ISSN: 1391 - 0531
Sunday, Octomber 15, 2006
Vol. 41 - No 20

He was always the typical villager from the Rajarata

T.B. Wijeratne Karalliyadde

By S.B. Karalliyadde

The third month of the death of T.B. Wijeratne Karalliyadde, the well-known social worker and environmentalist of Raja Rata Anuradhapura was marked recently.

The two cousins Ranbanda and Tikiri Banda set off to Rajarata from the Dumbara Valley as Ranbanda was offered a post of monitor by J. Howard, the then Director of Public Instructions in Ceylon. Tikiri Banda accompanied his cousin on this arduous journey through the jungles where more than half the journey was in a horse carriage. Having arrived at Medawachiya they both lodged in a room in the school building.

In the days of yore, the school staff was the Loku Mahattaya, Deveni Mahattaya and the Monitor Mahattaya. They settled down to start a new life. Ranbanda started his teaching career while Tikiri Banda spent his time in the wilds enjoying the fauna and flora which was so dear to his heart. As time passed, Ranbanda retuned home for the school vacation while Tikiri Banda opted to remain in his new abode. The turning point in his career was when the horse carriage to Anuradhapura toppled during the school vacation and Ranbanda, my father decided not to return to Medawachiya to pursue his teaching career.

As time passed, Tikiri Banda, son of a Korale Mahattaya was offered a post of “Forest Agent” by the then Colonial Government and posted to Kebithigollewa as Tikiri Banda Wijeratne Karalliyadde to be in charge of the range. This new appointment was the turning point in the career of the man who was close to nature, fauna and flora. He travelled all over the jungle as a part of his duty, thus earning the pet name of “Kele Mahattaya” from all and sundry. His duties included official visits to Horowapatana, Padaviya, Mullaitivu, Nuwaragam Palatha, Mihintale etc.

His ties to the Rajarata were further strengthened when he married the sister of late Maithripala Senanayake who was the doyen of Rajarata SLEP politics. This matrimonial alliance was to the mutual benefit of the invincible politician of Rajarata. “Kele Mahattaya’s” fame and acceptance in Wanni was such that in the 1970 General Elections a total stranger from Weudawillihathpathtu, T.B. Herath, his son-in-law was able to defeat the UNP stalwart E.L.B. Hurulle in Horowpathana. Karalliyadde had no ambition for political power or perks. If he wanted to enter the legislature he could have easily done it from any electorate in Rajarata. He was the Chairman of the Kunchutti Korale Village Committee for some time. Though he rubbed shoulders with the high and mighty he never forgot the downtrodden poor villager.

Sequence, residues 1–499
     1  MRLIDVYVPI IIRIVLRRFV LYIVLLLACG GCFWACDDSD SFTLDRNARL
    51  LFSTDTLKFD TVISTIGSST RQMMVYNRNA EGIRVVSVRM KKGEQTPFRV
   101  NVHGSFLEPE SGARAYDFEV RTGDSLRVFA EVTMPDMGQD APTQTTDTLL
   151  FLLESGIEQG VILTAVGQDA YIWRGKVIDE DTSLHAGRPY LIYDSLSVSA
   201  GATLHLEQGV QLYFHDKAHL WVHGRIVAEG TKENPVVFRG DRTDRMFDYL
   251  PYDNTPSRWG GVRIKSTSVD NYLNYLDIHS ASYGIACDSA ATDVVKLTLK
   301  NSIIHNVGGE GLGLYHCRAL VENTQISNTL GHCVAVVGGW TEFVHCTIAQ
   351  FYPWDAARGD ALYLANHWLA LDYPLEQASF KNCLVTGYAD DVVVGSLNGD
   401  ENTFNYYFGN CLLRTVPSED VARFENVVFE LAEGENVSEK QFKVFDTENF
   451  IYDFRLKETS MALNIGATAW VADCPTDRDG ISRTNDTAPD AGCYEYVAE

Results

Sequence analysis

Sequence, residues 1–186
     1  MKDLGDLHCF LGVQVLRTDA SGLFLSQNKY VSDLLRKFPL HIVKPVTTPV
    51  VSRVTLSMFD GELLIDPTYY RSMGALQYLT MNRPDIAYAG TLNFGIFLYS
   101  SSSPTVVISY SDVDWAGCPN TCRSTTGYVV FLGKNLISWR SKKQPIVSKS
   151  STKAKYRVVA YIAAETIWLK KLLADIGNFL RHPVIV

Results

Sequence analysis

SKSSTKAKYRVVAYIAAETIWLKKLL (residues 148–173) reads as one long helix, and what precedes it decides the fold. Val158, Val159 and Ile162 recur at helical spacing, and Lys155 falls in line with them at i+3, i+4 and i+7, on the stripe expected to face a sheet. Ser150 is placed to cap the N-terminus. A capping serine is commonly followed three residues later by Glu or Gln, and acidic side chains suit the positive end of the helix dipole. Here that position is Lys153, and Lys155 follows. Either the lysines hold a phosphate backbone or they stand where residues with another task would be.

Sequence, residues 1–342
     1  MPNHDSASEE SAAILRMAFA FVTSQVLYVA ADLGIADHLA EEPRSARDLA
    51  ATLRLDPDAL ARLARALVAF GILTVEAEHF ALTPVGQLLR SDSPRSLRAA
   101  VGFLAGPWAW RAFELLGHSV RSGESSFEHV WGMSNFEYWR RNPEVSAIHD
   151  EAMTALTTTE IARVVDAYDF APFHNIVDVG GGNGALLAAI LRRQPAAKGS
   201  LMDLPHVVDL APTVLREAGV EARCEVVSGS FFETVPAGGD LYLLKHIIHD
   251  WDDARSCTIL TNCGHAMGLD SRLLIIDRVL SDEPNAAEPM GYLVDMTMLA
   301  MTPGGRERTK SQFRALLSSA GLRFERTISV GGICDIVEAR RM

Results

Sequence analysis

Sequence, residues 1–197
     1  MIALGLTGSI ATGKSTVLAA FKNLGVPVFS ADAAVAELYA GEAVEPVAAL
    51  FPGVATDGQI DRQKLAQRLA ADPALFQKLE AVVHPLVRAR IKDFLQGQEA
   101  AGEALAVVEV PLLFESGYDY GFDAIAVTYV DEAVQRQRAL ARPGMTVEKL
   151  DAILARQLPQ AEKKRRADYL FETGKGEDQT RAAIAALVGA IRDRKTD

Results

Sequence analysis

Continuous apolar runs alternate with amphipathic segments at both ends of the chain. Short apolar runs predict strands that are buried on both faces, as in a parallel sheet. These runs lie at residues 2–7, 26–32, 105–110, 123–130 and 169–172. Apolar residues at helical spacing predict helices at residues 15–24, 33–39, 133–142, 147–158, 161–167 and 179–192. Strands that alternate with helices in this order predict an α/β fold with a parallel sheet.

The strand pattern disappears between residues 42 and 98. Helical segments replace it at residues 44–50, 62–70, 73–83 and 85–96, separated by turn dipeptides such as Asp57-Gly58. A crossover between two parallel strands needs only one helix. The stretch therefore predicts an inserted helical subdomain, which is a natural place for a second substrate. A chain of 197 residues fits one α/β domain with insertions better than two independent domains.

Once on one of my official visits to Weli-Oya. I visited his abode at Kivulekede. It was about 4 p.m. and a girl in the house said in typical Vanni accent that “Attappa ledek Balanta Rusneka Wewa giya”.

When I went along Horowpatana Road I met him travelling on a push bicycle with a bunch of king coconuts tied to the cycle bar. On seeing me he came back and took me to Kivulekede where I was shown the Wewa behind the house full of water crystal clear, a vast stretch of paddy fields fed by the tank and a land where a Japanese company has grown sugar cane at the time.

When he worked in the CTB where his brother-in-law was the Minister in charge he never used official transport to travel to Narahenpita from the Jawatta residence of the Minister. Such were his simple and unassuming qualities. When I heard that he entered Kandy Hospital for an eye operation, I visited the paying ward to be told by the sister-in-charge that no patient by that name entered the paying wards. She directed me to the ordinary wards. When I made inquiries the ward sister told me that a patient by such a name was in the ward and was discharged. He did not tell the hospital staff that his son was the Deputy Minister of Health and Minister of Indigenous Medicine. This was the way with the typical villager from Rajarata.

Top to the page

Copyright 2006 Wijeya Newspapers Ltd.Colombo. Sri Lanka.